This sensorless control technique is based on several principles. First, it is assumed that the motor speed varies linearly with motor load at a given applied voltage. A second assumption is that the motor current varies proportionally to the motor load. Finally, it is understood that the motor speed at any particular motor load (current) can be varied by varying the applied voltage.
Therefore, if a way can be devised to vary the voltage applied to the motor in a ratio with the load current, which varies with the load itself, then it would be possible to ensure that the motor does not accelerate as the load is reduced. For example, the current at a load of 300 mNM is about 65 A, and the speed with 12 V applied is 10,200 rpm. If the load was reduced to 100 mNM, then a current of 20 A would be demanded and the speed would be increased to 17,500 rpm. However, if the applied voltage was simultaneously reduced to 7 V, then the speed would be held to 10,200 rpm. This is the result of simple ratios between the voltage drop in circuit and the applied voltages.
The curves in Fig. 2. show the performance of the same motor as shown before but with a controller acting to hold the speed to the same as the load speed. The blue speed/torque line can be seen to flatten after the load point 300 mNM is decreased, saving both wear on bearings and brushes, decreasing motor noise and decreasing the no-load current to save stored energy.
A small and known resistance (marked in red in Fig. 3) is placed in the circuit feeding the motor. As current is demanded by the load on the motor, it passes through this fixed resistance and develops a voltage drop across the resistance.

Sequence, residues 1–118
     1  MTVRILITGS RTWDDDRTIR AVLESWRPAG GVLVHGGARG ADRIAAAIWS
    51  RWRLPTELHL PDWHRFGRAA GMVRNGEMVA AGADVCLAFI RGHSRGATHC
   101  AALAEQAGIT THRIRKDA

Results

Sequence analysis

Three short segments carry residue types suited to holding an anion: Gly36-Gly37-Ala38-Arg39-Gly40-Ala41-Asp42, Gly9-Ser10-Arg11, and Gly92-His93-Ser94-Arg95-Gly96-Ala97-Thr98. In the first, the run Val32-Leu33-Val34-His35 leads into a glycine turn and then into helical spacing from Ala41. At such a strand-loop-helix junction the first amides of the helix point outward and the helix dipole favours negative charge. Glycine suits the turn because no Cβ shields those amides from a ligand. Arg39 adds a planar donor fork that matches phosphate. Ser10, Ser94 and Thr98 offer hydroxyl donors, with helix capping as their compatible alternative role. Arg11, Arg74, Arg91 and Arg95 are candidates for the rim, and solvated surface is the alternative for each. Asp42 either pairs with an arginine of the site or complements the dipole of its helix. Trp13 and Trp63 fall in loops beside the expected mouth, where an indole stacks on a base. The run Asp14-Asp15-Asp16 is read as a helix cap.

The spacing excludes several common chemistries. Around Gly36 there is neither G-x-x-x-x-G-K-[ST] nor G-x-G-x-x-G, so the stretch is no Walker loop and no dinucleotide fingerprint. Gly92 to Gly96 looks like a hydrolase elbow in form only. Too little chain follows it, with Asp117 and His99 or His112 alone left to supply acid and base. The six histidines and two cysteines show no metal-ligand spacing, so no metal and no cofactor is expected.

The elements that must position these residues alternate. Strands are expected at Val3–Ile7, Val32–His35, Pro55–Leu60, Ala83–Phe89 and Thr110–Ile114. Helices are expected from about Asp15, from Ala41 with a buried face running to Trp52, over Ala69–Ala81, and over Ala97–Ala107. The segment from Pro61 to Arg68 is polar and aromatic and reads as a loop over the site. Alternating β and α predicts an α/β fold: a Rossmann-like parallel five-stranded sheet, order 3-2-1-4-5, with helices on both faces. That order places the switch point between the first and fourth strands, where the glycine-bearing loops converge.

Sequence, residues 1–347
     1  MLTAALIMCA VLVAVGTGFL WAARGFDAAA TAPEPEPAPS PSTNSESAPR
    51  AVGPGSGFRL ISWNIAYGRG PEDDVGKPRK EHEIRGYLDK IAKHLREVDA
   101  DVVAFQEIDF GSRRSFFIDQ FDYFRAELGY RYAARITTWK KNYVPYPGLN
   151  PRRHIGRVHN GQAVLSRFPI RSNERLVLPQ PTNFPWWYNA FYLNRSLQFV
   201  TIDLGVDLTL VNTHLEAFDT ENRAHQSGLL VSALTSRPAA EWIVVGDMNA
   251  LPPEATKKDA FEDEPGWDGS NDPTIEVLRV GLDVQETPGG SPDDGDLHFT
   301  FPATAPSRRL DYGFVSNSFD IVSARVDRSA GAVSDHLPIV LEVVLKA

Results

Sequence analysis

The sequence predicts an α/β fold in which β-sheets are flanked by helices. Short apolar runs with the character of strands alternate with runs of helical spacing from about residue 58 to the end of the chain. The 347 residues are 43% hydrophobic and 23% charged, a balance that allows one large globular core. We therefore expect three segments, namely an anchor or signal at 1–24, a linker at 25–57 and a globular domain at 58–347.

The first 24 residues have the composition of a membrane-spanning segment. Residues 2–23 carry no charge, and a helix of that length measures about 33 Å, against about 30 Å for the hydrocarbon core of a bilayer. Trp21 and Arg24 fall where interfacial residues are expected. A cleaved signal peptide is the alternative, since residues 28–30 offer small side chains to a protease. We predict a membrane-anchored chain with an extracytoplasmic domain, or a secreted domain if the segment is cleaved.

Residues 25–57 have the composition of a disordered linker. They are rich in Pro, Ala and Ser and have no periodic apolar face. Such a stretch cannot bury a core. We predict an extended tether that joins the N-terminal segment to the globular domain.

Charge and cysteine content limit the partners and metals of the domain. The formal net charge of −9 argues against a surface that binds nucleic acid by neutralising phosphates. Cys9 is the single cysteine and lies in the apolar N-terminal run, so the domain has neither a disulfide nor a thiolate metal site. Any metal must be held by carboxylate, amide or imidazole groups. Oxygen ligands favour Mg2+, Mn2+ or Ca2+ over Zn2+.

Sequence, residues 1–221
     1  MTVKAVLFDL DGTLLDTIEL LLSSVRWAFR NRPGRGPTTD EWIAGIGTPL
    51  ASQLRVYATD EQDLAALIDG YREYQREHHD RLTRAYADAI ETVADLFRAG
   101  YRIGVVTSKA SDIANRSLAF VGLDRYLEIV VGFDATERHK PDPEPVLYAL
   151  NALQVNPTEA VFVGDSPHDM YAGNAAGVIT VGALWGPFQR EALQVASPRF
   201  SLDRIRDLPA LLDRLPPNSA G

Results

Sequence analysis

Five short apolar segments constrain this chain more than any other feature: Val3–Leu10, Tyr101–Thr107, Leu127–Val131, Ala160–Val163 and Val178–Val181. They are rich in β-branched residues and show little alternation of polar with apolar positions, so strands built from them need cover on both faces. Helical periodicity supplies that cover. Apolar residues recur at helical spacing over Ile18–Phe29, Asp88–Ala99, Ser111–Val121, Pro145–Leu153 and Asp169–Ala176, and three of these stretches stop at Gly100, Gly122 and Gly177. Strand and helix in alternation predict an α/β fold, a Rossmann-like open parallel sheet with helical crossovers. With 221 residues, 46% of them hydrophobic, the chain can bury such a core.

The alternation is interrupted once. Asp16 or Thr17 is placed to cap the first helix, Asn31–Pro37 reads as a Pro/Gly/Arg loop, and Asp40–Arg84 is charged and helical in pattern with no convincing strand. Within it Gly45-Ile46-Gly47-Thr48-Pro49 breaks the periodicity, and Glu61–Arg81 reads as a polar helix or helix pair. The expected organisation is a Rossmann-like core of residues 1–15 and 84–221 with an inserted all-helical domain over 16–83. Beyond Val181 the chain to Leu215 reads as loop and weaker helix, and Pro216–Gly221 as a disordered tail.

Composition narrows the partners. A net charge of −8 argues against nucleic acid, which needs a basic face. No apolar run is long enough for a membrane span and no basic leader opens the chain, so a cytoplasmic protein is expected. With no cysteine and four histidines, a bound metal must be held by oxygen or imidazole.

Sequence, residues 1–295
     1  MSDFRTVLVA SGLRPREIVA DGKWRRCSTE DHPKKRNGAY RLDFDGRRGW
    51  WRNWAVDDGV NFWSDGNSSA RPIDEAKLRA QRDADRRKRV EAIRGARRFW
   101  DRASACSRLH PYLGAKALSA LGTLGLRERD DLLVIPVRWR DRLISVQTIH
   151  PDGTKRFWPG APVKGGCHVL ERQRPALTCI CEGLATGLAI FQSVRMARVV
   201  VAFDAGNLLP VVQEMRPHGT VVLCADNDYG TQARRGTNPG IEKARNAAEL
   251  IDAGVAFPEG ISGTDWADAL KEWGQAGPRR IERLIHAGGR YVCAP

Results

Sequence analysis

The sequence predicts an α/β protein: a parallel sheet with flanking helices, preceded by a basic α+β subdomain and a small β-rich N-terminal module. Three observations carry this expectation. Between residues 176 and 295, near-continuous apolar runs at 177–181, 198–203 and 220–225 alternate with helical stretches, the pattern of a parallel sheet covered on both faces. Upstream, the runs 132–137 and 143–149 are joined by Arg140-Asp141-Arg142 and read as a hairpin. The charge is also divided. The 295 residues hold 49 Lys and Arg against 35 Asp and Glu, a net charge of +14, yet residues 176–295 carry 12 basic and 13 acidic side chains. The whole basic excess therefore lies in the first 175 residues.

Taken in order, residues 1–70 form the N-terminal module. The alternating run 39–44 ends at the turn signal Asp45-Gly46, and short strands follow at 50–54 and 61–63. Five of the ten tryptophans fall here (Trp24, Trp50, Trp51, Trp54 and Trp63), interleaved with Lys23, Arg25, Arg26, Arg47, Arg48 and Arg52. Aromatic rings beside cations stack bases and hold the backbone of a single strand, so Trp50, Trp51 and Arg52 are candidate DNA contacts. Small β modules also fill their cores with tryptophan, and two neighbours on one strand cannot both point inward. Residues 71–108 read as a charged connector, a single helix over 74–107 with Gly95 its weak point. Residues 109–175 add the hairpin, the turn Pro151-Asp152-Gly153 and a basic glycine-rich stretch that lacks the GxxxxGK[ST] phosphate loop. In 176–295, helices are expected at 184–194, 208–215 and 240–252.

This voltage drop, proportional to the load, can then be compared within a digital circuit so that the controller can determine the desired pulse width on the input voltage to create an average input voltage that will drive the motor to a particular and predetermined speed.
Appliances provide some typical applications for this control technique. In vacuum cleaners using brush/roller configurations, it is as desirable to prevent the brush/roller from running at high speeds when the cleaning load is reduced as it would be when moving from carpet to hard floors. Furthermore, in power tool applications such as drilling or sawing, the motor often idles between holes or cuts as the craftsman moves positions. During this idle time, the motor would accelerate to higher speeds than the working speed causing a loss of stored energy and shorter life.
Using a Johnson Electric PMDC motor with the described velocity control provides an opportunity to control the motor speed without complicating the motor construction with feedback devices. Having a regulator that controls the motor velocity within 5% of a desired speed prevents the motor from increasing its speed as the loads applied decrease. This reduces the noise of operation and prolongs the life of bearings, brushes and the commutator, and for battery-driven applications, reduces the waste of stored energy.